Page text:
Cyber Intel Report | October 2020
Australian Healthcare and Aged Care Threat Report
Cyber incidents on healthcare sector result in real-life risks to patients
The ongoing global COVID-19 pandemic further accentuated the trend of cyber criminals interested in monetising the criticality of healthcare services through ransomware attacks and data breaches. This is especially worrying given that a cyber incident resulting in an ongoing shut down of medical services can have life threatening consequences for patients. If these services become compromised or are successfully attacked, then critical internal infrastructure services such as access to laboratory results, radiography and real-time patient physiological information will be unavailable. Operations will be postponed, patients moved to nearby hospitals and urgent medical care unavailable. Additionally, many illnesses are treated with cloud-based monitoring services, IoT-embedded devices and self or automated administration of prescription medicines. Cyber-attacks could inhibit the delivery of these health services and put patients’ lives at risk.
The life-threatening nature of cyber incidents became a reality in September 2020 when a human fatality was directly linked to a ransomware infection at a hospital in Germany. The first known human fatality directly attributed to a cyber-attack occurred after a ransomware infection shut down more than 30 of the Dusseldorf University Hospital’s internal servers on 10 September 2020. Operators of the DoppelPaymer ransomware penetrated the hospital’s systems through an unpatched vulnerability found in the Citrix VPN system – a known entry point for ransomware gangs. As a result of the outage, a patient requiring urgent medical care died after being re-routed to a hospital located 30km away.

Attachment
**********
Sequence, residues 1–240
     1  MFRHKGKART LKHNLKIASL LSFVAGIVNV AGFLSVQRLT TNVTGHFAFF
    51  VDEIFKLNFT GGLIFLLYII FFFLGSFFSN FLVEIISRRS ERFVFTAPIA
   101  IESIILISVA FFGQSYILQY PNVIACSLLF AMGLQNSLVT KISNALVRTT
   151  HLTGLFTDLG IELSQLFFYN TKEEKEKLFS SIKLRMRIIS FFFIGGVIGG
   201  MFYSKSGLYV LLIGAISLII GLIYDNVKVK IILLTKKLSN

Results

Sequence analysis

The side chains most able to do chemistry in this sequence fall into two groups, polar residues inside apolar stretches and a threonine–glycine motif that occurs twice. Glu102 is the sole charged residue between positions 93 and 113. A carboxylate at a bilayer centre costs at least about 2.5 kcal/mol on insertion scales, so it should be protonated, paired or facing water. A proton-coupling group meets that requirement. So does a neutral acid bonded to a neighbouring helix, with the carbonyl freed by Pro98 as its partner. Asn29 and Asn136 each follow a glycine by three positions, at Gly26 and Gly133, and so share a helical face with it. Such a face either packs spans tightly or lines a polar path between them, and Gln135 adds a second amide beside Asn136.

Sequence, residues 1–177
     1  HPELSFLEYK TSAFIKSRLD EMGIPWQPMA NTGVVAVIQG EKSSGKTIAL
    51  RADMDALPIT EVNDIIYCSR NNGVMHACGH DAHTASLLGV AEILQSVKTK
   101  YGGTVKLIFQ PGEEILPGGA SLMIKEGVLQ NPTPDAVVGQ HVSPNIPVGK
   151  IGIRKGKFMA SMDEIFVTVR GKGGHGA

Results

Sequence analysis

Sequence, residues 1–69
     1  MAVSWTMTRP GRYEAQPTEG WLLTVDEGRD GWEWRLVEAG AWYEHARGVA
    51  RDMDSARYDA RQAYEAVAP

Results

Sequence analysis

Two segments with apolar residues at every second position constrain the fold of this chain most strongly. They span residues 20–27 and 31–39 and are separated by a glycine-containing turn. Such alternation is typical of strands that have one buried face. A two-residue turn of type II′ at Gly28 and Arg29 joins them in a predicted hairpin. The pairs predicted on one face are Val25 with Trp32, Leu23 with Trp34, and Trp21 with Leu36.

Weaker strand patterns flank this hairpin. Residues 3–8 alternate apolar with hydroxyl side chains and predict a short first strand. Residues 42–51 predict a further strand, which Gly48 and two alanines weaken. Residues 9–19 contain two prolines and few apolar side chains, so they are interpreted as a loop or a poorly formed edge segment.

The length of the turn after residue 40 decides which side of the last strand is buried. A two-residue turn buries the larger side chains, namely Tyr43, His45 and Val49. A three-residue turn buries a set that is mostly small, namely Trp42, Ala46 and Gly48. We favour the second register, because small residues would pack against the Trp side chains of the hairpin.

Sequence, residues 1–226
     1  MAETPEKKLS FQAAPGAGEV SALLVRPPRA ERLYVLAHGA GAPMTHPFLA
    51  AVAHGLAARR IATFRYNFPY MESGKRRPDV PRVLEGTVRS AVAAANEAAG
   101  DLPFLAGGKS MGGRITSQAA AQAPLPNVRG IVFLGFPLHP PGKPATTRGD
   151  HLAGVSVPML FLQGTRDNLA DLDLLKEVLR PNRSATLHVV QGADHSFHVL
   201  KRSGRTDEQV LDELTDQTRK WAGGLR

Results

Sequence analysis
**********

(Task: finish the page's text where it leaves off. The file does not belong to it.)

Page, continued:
As COVID-19 cases began to increase in Australia so did the number of cyber criminals targeting healthcare organisations with phishing campaigns, ransomware and other malicious campaigns. Criminals have continued to spoof healthcare organisations, particularly national authorities and government bodies, when crafting phishing emails aimed at individuals or other industries. However, cyber criminals were not the only threat type whose interest in the healthcare sector peaked amid COVID-19. The industry is also targeted by many advanced persistent threat (APT) groups working for the benefit of foreign governments for whom healthcare research presents a priority intelligence requirement. Medical research on COVID-19 vaccines and treatments is a high cyber espionage priority for several countries who wish to fast-track their own developments. With no clear end in sight for the COVID-19 pandemic, rapid digitalisation and tough legal requirements within which the sector operates, CyberCX assesses that healthcare and aged care sectors will continue to be in the spotlight of cyber adversaries in the short to mid-term.
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